In mouse tumor models, intratumoral delivery of MEDI9197 – a TLR7/8 agonist with a lipid tail designed to improve retention at the injection site and prevent systemic toxicity – induced Th1 polarization, a type I IFN response, the formation of lymphoid aggregates, an increase in the proportion of CD8+ T cells within TILs, activation of CD4+ T cells, CD8+ T cells, and NK cells, and tumor growth inhibition. MEDI9197 also enhanced the antitumor efficacy of PD-L1 blockade, agonist OX40 mAb, and GITRL fusion protein. In human PBMCs in vitro, MEDI9197 activated innate and adaptive immune cells and induced secretion of IFNα, IFNγ, and IL-12.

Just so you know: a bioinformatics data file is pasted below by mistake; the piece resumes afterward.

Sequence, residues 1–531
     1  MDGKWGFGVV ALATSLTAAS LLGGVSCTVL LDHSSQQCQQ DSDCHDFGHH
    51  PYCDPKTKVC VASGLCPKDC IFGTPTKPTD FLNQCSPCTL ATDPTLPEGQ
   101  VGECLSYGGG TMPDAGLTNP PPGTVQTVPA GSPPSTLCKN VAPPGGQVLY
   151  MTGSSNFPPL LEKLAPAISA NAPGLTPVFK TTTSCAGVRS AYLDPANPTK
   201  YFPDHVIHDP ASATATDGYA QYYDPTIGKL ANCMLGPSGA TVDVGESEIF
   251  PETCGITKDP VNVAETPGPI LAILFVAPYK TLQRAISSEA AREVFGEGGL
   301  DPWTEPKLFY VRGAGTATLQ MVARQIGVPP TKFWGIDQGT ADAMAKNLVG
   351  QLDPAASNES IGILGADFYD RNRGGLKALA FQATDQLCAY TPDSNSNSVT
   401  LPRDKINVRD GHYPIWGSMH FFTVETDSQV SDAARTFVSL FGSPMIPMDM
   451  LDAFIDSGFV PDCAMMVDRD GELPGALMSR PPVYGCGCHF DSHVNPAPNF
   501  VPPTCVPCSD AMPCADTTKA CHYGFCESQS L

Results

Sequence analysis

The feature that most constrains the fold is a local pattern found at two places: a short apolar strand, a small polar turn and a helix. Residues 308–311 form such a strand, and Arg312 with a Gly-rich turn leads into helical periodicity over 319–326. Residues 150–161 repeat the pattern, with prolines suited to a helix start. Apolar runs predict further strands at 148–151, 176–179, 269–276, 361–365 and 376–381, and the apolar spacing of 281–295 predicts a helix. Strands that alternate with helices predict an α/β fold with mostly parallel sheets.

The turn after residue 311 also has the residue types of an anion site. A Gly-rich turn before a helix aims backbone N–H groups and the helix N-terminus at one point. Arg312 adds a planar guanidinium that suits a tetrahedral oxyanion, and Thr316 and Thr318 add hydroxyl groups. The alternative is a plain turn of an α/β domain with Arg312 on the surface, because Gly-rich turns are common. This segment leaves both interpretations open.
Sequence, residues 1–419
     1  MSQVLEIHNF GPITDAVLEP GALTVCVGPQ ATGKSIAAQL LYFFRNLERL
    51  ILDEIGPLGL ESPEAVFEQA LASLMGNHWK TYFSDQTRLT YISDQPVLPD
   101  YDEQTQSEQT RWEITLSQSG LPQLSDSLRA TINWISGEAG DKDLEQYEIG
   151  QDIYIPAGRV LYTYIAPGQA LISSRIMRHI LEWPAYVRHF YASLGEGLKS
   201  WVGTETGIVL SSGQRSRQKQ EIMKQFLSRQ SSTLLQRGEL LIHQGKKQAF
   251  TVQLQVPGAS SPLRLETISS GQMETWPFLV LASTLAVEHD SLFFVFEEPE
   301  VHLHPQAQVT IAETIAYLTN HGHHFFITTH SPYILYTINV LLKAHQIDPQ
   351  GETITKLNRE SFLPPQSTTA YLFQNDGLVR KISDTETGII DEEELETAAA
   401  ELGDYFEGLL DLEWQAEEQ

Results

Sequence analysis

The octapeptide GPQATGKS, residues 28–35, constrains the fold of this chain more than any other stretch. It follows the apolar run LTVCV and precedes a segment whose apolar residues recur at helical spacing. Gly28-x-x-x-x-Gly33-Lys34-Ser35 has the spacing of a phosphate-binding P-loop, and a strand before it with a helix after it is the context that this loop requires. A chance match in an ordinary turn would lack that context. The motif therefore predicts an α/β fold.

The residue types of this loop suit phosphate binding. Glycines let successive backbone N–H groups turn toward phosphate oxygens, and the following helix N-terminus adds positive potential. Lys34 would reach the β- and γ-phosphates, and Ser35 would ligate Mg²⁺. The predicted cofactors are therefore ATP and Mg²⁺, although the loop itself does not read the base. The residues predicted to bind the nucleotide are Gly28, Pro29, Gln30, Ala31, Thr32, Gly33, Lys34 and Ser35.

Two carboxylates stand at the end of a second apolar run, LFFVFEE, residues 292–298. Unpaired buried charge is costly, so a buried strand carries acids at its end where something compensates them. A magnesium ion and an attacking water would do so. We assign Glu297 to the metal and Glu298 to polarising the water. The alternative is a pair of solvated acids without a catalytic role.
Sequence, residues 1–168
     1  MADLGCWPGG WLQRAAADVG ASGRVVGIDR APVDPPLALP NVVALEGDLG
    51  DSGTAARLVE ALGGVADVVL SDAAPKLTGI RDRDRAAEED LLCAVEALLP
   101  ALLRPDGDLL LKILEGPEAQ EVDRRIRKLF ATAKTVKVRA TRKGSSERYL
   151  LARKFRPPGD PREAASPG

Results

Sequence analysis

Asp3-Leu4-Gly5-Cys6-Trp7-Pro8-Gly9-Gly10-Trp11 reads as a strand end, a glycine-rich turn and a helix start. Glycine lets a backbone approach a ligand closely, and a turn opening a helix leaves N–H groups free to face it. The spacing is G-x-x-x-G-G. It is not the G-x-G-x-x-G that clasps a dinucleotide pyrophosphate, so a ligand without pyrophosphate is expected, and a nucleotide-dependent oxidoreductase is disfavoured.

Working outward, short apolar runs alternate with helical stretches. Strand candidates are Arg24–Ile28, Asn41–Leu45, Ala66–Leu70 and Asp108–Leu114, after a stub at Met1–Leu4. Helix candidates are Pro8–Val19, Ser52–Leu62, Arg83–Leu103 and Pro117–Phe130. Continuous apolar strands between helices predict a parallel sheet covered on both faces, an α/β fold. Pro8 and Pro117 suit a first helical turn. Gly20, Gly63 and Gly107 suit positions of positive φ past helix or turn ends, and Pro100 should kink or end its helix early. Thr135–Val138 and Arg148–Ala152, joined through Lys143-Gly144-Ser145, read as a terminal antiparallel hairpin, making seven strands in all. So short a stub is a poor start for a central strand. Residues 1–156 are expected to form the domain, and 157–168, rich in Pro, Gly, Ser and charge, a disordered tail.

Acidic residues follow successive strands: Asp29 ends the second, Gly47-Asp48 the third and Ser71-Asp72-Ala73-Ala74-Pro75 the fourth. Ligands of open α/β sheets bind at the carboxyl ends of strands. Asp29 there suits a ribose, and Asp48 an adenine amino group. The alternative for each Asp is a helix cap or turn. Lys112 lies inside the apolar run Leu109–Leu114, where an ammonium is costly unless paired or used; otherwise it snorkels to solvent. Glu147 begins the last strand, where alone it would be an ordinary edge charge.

BACKGROUND: Immune checkpoint blockade (ICB) promotes adaptive immunity and tumor regression in some cancer patients. However, in patients with immunologically "cold" tumors, tumor-resident innate immune cell activation may be required to prime an adaptive immune response and so exploit the full potential of ICB. Whilst Toll-like receptor (TLR) agonists have been used topically to successfully treat some superficial skin tumors, systemic TLR agonists have not been well-tolerated. METHODS: The response of human immune cells to TLR7 and 8 agonism was measured in primary human immune cell assays. MEDI9197 (3M-052) was designed as a novel lipophilic TLR7/8 agonist that is retained at the injection site, limiting systemic exposure. Retention of the TLR7/8 agonist at the site of injection was demonstrated using quantitative whole-body autoradiography, HPLC-UV, and MALDI mass spectrometry imaging. Pharmacodynamic changes on T cells from TLR7/8 agonist treated B16-OVA tumors was assessed by histology, quantitative real time PCR, and flow cytometry. Combination activity of TLR7/8 agonism with immunotherapies was assessed in vitro by human DC-T cell MLR assay, and in vivo using multiple syngeneic mouse tumor models. RESULTS: Targeting both TLR7 and 8 triggers an innate and adaptive immune response in primary human immune cells, exemplified by secretion of IFNalpha, IL-12 and IFNgamma. In contrast, a STING or a TLR9 agonist primarily induces release of IFNalpha. We demonstrate that the TLR7/8 agonist, MEDI9197, is retained at the sight of injection with limited systemic exposure. This localized TLR7/8 agonism leads to Th1 polarization, enrichment and activation of natural killer (NK) and CD8(+) T cells, and inhibition of tumor growth in multiple syngeneic models. The anti-tumor activity of this TLR7/8 agonist is enhanced when combined with T cell-targeted immunotherapies in pre-clinical models. CONCLUSION: Localized TLR7/8 agonism can enhance recruitment and activation of immune cells in tumors and polarize anti-tumor immunity towards a Th1 response. Moreover, we demonstrate that the anti-tumor effects of this TLR7/8 agonist can be enhanced through combination with checkpoint inhibitors and co-stimulatory agonists.